One of the mysteries of the English language finally explained.
1A punctuation mark (,) indicating a pause between parts of a sentence or separating items in a list.
- ‘And not using commas or question marks in the correct places at all times.’
- ‘I don't agree with the comma - read that sentence with the suggested pause and see if you still want it there.’
- ‘May as well clump them all together in one enormous paragraph; separated only by commas.’
- ‘I once saw a three-line sentence with eighteen commas, which basically meant that there was a comma after every other word.’
- ‘As it is separated from the other words in the list by a comma on either side, it is identified as a separate deduction from the selling prices of the inventory items.’
- ‘You make punctuation mistakes on a regular basis, particularly by using commas when semi-colons or full stops are required.’
- ‘You don't need to know the 17 reasons to insert a comma into a sentence.’
- ‘Others can have a list of values separated by commas.’
- ‘I thank you all for reading, commenting, arguing and bearing with me while I figured out how to string words into sentences, and use commas, effectively.’
- ‘His personal philosophy of punctuation is, ideally, to avoid all punctuation marks except commas and full stops.’
- ‘In the realm of punctuation, a comma is used for a brief pause, a semicolon for a more moderate pause, and a period as a full stop.’
- ‘For one thing, the author has a nasty habit of separating sentences with a comma, when a semi-colon would be far more appropriate.’
- ‘Out of respect for the opinions of others, I try to use apostrophes and commas correctly, but I'm less interested in the details of punctuation than in nearly any other topic I can think of.’
- ‘If the marked semi-colon does not join two groups of words that would make sense as separate sentences, replace the semicolon with a comma.’
- ‘In the areas of punctuation and usage, the Spanish language is much more flexible with commas, semicolons, and word order, and long sentences that would be considered run-ons in English are commonly acceptable in Spanish.’
- ‘You should not end your sentence before you have a subject and verb appropriately placed, nor jam all your sentences together with commas.’
- ‘Besides the aforementioned substitution of stronger punctuation marks for the slight pauses produced by the commas, this passage in the second edition manifests other telling alterations.’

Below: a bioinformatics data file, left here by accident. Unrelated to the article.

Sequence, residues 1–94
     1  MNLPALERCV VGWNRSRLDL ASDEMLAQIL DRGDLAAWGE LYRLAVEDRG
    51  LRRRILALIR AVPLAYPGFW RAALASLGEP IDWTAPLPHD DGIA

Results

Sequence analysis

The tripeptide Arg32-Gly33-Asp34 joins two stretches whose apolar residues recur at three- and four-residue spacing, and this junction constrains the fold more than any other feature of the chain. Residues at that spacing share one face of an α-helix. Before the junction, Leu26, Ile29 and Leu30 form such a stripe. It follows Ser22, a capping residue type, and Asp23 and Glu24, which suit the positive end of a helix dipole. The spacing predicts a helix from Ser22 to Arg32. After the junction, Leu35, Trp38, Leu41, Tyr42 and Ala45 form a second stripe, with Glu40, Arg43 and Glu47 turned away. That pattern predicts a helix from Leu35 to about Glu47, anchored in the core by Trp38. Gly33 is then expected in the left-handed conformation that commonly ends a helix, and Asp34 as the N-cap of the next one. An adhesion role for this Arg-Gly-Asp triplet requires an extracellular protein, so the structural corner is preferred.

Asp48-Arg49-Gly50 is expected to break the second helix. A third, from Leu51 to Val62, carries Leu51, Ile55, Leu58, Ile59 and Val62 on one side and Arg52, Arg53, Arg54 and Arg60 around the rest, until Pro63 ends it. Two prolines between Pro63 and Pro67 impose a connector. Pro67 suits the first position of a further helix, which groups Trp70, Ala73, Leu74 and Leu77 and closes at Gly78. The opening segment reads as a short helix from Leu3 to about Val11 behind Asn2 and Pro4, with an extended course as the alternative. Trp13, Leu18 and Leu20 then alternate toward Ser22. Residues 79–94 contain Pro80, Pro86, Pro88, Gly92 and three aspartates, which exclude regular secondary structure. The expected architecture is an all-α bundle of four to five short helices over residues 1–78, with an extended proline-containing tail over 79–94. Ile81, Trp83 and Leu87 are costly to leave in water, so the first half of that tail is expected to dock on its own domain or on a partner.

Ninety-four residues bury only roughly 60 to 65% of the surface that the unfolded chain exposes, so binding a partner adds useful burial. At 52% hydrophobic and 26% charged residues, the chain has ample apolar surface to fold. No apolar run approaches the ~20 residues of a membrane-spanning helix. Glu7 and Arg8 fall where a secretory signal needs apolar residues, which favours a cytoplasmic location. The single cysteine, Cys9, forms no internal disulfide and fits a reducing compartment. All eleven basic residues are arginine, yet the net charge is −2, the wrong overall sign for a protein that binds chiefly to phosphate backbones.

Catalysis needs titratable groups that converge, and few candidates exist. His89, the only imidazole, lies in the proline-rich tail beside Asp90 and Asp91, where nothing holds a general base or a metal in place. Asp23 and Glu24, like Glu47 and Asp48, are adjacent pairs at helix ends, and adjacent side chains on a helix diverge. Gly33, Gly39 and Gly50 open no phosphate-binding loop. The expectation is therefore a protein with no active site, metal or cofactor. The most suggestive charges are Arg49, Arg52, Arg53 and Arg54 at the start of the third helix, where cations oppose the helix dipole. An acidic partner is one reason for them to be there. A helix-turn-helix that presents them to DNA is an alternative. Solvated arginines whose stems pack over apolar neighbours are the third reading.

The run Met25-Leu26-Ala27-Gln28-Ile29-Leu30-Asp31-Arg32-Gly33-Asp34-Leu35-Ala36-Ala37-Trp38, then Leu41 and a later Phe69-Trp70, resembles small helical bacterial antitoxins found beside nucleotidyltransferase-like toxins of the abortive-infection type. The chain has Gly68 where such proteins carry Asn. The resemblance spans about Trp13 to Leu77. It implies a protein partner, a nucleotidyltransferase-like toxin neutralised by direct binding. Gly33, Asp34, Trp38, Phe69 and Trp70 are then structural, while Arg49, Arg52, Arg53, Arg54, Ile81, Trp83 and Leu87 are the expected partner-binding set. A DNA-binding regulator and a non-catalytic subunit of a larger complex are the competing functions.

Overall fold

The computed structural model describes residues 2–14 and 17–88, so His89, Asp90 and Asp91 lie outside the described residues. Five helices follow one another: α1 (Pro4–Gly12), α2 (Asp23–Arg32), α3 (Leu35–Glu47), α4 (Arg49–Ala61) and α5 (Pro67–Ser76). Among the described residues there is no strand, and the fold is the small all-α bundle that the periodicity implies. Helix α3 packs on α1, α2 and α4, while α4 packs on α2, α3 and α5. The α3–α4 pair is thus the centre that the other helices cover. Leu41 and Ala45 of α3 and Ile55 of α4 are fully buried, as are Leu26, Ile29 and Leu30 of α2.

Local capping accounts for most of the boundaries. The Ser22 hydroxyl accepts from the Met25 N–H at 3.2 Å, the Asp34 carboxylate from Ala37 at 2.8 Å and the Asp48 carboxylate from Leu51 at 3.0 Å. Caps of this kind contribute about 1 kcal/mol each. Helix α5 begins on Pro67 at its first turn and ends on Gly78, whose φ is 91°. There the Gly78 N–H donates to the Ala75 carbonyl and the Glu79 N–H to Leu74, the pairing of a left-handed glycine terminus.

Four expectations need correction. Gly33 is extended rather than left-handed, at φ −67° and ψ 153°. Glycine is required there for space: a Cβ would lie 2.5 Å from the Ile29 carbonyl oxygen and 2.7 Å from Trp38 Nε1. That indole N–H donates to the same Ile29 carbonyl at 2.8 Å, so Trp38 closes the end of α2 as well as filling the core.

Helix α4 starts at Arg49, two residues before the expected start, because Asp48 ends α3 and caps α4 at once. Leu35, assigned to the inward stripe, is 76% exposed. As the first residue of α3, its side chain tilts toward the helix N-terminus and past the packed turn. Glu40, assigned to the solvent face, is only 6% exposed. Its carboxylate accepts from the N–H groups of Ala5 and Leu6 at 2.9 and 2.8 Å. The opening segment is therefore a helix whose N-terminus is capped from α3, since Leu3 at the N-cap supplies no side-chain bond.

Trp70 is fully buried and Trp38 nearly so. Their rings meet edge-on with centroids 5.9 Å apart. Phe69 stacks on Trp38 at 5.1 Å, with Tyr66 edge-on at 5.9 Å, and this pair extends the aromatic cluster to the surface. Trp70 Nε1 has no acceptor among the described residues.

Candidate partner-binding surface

- ‘Missing commas and run-on sentences may not be a bad thing for teenagers engaged in writing-intensive online activity, says an English professor.’
- ‘Byatt admittedly isn't in this league, but she does have a penchant for sentences with lots of commas.’
- ‘He often used commas to end a sentence, he rarely capitalized proper nouns.’
A minute interval or difference of pitch.
- ‘Pitches are specified by the letters A-G and a-g, optionally followed by an apostrophe or a comma.’
- ‘In the simple folk song shown here, a comma to the right of a pattern of notes signifies that a mini-closure should be expressed.’
- ‘Help the congregation to understand the necessity to sing with meaning (take breaths at commas, not at the end of musical lines).’
- ‘No theorist even from the ancient world ever considered an interval as small as a comma (of any kind) to be melodic.’
- ‘The source of the comma, is the difference between a human singing voice, and an inanimate object: a monochord.’
3A widespread butterfly that has orange and brown wings with ragged edges, and a white comma-shaped mark on the underside of the hindwing.
- ‘The comma butterfly is now regularly seen much further north than previously.’
- ‘Hi there, just about half an hour or so ago I spotted a Comma butterfly basking on a rock in a woodland glade in the presence of some dragonflies.’
- ‘Adult commas feed from flowers such as dandelions and thistles.’
- ‘Trees have been coming into leaf sooner, migrant birds are arriving earlier, frog spawn is being spotted before Christmas, while comma and holly blue butterflies have been sighted as early as March.’
- ‘Today the comma is a familiar sight in southern England and Wales.’
Late 16th century (originally as a term in rhetoric denoting a group of words shorter than a colon; see colon): via Latin from Greek komma ‘piece cut off, short clause’, from koptein ‘cut’.
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